The Health 202: The Trump administration is helping to drive down Obamacare costs
The Trump administration has been getting slammed for trying to sabotage Obamacare. But there’s a key way it has been working behind the scenes to lower health insurance premiums.
Seven states have obtained permission from the Centers for Medicare and Medicaid Services to divert some federal dollars from insurance subsidies to what’s known as reinsurance, which you could think of as insurance for insurers. Reinsurance programs help insurers cover the costs for their most expensive patients, thus allowing them to lower overall monthly premiums for everyone.
CMS has approved reinsurance programs this year for Maryland, Wisconsin, Maine and New Jersey. The agency gave similar go-aheads to Minnesota, Oregon and Alaska last year. These states are reporting some of the biggest premium reductions for the 2019 Affordable Care Act marketplaces, which open for enrollment on Nov. 1. That’s welcome news to Americans relying on marketplace plans that saw massive price spikes in recent years.
Alaska, for example, says its premium rates have decreased 25 percent since the reinsurance program began. Monthly premiums in the individual market will cost an average of $770 in 2019 compared to an average of $1,043 in 2017, the state announced in August. Average “silver”-level premiums in New Jersey are down 14.7 percent, to $289 per month, per data released last week by CMS.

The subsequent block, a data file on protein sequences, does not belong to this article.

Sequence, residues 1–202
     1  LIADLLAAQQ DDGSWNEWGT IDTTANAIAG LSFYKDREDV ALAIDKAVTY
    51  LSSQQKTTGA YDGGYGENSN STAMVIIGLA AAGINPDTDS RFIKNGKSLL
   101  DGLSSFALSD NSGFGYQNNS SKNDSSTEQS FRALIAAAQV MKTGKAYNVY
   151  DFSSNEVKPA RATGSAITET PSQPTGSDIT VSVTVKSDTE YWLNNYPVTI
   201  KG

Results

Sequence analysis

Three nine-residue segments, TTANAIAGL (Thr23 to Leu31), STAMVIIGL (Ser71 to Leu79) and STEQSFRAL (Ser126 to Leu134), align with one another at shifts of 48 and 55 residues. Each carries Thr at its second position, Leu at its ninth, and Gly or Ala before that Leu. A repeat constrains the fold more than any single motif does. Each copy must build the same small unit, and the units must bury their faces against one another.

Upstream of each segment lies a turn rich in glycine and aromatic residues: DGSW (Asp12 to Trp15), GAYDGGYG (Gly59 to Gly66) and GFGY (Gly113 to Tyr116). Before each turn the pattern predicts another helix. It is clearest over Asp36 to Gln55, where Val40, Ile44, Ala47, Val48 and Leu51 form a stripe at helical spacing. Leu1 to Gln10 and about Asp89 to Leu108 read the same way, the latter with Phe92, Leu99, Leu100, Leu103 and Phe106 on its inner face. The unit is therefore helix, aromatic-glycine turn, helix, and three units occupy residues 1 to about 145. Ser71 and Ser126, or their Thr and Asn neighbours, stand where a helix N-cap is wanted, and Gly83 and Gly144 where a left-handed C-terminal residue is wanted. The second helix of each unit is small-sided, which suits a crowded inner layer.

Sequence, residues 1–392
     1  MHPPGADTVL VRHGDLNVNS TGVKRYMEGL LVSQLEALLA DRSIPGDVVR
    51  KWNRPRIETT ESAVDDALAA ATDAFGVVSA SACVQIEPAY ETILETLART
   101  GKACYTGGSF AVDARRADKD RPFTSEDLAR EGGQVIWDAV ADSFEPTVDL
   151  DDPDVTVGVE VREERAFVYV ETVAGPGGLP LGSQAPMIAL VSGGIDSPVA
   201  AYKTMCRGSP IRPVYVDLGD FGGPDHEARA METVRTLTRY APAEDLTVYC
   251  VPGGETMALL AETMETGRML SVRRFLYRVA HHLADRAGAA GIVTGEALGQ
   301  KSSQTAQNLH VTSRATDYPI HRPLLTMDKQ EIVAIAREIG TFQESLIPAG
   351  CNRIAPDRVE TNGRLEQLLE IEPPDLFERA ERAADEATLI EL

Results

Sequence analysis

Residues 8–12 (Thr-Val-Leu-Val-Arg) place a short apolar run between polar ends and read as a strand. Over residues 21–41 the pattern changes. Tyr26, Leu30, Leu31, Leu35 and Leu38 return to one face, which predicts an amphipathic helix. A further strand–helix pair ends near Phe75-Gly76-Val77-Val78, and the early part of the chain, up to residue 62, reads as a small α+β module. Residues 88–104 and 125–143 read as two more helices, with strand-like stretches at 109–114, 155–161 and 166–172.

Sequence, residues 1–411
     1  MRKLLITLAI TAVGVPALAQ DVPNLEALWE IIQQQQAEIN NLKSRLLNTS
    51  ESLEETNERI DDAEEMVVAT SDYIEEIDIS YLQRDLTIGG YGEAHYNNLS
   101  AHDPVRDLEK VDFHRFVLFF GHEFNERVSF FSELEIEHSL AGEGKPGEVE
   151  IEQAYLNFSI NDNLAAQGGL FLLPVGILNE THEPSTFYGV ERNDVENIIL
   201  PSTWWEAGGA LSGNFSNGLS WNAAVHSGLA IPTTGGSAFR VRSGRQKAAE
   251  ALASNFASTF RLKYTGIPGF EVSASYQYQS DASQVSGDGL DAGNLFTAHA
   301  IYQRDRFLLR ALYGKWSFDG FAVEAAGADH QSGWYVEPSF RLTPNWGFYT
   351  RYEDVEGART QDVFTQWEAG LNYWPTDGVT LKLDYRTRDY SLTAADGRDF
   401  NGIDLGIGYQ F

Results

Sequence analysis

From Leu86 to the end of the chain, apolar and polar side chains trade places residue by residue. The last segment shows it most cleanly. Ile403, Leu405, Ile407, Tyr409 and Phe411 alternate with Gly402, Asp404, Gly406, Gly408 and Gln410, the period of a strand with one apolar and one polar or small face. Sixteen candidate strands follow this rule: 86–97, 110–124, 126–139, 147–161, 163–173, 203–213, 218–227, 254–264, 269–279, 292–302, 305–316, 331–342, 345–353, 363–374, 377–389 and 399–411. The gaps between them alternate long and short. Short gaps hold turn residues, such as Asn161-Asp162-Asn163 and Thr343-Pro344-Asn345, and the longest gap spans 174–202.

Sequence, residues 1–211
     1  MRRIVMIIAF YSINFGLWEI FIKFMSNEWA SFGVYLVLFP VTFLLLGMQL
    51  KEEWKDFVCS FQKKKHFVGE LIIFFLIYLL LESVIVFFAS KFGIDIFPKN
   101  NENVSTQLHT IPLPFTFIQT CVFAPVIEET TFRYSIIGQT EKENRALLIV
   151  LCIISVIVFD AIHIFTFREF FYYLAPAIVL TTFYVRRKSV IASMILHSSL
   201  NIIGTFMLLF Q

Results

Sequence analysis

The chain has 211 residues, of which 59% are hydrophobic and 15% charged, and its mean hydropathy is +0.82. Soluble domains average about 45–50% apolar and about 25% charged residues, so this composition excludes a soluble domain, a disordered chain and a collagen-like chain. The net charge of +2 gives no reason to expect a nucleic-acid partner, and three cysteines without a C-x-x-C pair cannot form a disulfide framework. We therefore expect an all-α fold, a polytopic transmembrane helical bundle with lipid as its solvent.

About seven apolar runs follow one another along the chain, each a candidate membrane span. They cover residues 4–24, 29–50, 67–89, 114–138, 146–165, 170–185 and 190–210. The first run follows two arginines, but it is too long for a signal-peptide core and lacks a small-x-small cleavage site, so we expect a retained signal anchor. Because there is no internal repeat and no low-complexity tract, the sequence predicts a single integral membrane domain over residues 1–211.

Health care is a huge topic in this year’s midterm campaigns. But you won’t hear Democratic and Republican candidates mentioning the wonky topic of reinsurance in these remaining few weeks. But reinsurance is a great — and rare — example of the bipartisan solutions that exist in the health policy universe.
Maryland offers the most recent — and the most dramatic — example. After several years of massive premium hikes, Democratic and Republican state lawmakers worked with Republican Gov. Larry Hogan last spring to create the largest reinsurance program yet, one that independent actuaries say is causing next year’s individual market premiums to drop anywhere from 7.4 to 17 percent.